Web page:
Deposit registration and dispute resolution are included in all our letting plans (from £39 a month).
Are tenancy deposits legal under the Tenant Fee Ban?
Tenancy and holding deposits are amongst the few fees that tenants can still pay. The Tenant Fee Ban, introduced in 2019, reduced tenant costs and capped deposit amounts. Reference checks, renewal fees and other administration costs cannot be charged to tenants.
Deposits are completely legal, as long as they are within the specified limit. Tenants can also be charged for late rent payments, ending a tenancy early, lost keys or changing or transferring their tenancy.
Why do I have to pay a deposit?
A tenancy deposit acts as a protective insurance for landlords. If a tenant leaves the property in the condition it was let – with no damage, no missing items and no outstanding rent – the tenant can receive their full deposit back. The landlord has no costs to pay and everyone’s happy.
If, however, a tenant damages the property, leaves it in a seriously unclean state, has broken furniture or removed property supplied by the landlord, the deposit can be used to cover these costs. Similarly, if the tenant has built up rent arrears, the landlord has the deposit to fall back on.
If a landlord wants to claim on a deposit, they must tell the tenant first. If the tenant does not agree, a dispute can be raised with the deposit protection scheme. They will look at all the evidence and an adjudicator will come to a resolution.
Related article: “I Was Faced With An Abusive Tenant and High Rent Arrears”
Deposit protection schemes: Where can I register a deposit?
In Scotland, these are:
Tenancy deposits must be registered within 30 working days of receiving funds from the tenant. The tenant must be told where their deposit is being stored, otherwise known as prescribed information.
What are the deposit protection scheme rules in Wales?
The deposit protection rules are the same in Wales as they are in England. Tenancy deposits can be no more than five week’s rent (six week’s rent for annual rents above £50,000). The deposit must be stored with a government-approved deposit protection scheme and tenants must be given the relevant prescribed information.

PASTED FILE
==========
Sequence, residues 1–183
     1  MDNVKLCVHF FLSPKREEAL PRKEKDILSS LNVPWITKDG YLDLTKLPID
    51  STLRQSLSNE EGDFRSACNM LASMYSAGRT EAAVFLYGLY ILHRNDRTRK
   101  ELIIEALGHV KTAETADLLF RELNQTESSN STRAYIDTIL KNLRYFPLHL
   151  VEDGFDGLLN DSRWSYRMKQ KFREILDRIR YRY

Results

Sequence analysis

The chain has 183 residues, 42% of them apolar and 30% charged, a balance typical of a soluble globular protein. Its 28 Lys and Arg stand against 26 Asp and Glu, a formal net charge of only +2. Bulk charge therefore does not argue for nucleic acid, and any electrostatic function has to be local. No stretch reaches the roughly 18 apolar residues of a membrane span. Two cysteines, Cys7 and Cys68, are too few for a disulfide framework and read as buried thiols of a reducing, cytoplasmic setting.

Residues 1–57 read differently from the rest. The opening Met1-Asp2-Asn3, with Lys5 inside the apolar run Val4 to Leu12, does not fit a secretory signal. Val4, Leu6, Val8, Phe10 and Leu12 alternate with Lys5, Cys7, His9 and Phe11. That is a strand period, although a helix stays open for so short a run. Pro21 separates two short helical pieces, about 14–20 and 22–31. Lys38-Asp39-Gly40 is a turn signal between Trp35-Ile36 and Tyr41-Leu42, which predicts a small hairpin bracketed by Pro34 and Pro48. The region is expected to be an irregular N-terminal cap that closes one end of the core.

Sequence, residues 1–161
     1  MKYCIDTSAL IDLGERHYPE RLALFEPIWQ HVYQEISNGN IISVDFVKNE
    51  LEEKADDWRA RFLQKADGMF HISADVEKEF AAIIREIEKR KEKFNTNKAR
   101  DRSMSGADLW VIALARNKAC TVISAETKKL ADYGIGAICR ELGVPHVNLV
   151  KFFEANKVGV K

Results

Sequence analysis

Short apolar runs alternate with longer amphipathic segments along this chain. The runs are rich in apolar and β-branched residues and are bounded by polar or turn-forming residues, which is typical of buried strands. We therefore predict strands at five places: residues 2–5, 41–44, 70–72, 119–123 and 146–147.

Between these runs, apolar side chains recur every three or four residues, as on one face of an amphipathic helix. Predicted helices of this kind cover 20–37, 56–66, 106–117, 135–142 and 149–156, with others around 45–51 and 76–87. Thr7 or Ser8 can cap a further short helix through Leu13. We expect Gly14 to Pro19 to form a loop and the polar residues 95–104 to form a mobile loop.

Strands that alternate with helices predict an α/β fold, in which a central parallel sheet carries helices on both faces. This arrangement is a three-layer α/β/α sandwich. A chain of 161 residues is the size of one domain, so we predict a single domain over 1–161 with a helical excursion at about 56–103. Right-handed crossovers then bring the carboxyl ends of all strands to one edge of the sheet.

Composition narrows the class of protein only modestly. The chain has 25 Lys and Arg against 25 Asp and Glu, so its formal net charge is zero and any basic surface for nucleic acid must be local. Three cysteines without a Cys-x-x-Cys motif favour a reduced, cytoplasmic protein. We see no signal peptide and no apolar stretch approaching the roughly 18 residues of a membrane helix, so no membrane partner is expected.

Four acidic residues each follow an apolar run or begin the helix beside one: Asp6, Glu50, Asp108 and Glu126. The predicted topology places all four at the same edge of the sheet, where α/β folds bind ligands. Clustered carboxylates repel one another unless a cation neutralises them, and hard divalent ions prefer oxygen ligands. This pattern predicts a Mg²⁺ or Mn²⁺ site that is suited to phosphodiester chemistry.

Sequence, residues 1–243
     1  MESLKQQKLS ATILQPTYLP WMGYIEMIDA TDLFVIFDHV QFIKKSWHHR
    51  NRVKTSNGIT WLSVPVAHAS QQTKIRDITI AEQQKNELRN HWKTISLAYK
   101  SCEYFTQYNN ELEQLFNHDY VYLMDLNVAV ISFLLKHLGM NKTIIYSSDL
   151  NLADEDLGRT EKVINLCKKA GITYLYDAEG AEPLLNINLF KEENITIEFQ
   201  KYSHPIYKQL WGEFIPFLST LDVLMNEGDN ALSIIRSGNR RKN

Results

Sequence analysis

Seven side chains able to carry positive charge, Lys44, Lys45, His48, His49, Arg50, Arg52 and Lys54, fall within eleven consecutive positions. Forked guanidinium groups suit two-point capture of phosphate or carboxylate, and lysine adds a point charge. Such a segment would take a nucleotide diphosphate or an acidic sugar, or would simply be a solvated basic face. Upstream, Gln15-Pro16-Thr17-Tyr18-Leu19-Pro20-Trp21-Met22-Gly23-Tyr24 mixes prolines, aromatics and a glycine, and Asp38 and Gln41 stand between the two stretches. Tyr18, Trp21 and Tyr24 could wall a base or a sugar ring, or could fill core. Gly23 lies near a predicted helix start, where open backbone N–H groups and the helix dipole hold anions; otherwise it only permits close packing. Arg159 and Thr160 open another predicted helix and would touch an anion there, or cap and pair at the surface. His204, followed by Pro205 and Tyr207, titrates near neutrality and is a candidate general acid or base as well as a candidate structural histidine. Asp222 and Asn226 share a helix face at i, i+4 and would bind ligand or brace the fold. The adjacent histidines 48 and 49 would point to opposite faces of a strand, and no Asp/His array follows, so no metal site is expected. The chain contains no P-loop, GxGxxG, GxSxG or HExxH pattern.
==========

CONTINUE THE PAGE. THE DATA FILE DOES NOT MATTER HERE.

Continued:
What are the deposit protection scheme rules in Scotland?
Deposits are similar in Scotland. They must be registered with an authorised deposit protection scheme within 30 working days, but the cap is two months’ rent, not five weeks.
Scotland has different registered deposit protection schemes to England and Wales, but they work the same way. These are Letting Protection Service Scotland, Safe Deposits Scotland and my|deposits Scotland.
How long do I have to register my tenant’s deposit with a deposit protection scheme?
A deposit must be registered with a deposit protection scheme within 30 working days of the funds being received. The deposit must be protected for the entire duration of the tenancy.
What is a deposit protection scheme?
Deposits on properties let on an assured shorthold tenancy (AST) that started after 6 April 2007 must be registered with a government-approved deposit protection scheme.
A tenancy deposit protection scheme protects a deposit during the tenancy. If there is a dispute, the tenancy deposit scheme will seek to resolve it in an impartial manner.
Which deposit protection scheme should I use?
Landlords should always use a government-approved deposit protection scheme. Beware of fake schemes that are not authorised by the government.
There are two types of deposit protection schemes: custodial or insured. A custodial scheme holds the deposit for free. An insured deposit scheme involves the landlord or agent ‘holding’ the deposit in their own bank account and the scheme is paid to ‘insure’ it.
Choosing between a custodial and insured scheme is entirely down to the landlord’s preference. The Deposit Protection Service (DPS) and Tenancy Deposit Scheme (TDS) offer custodial schemes in England and Wales. All tenancy deposit schemes in Scotland are custodial scheme and free to use.
Some landlords prefer a custodial scheme because there is no upfront cost and it is easy to use. Others pay for an insured scheme as they can keep the funds in their bank account, along with any interest accrued.
What happens if I don’t use a deposit protection scheme?
Registering a tenant’s deposit is a legal requirement. Any landlord that doesn’t protect their tenant’s deposit could be fined up to three months rent and may not be able to issue a correct Section 21 notice.
All deposits with LettingaProperty.com are registered with a deposit protection scheme.
What is tenancy deposit prescribed information?
Once registered, landlords must provide tenants with prescribed information within 30 working days. This is simply written information on where the deposit is being kept, including:
- The deposit amount
- The property address
- The name, address and contact details of the tenancy deposit scheme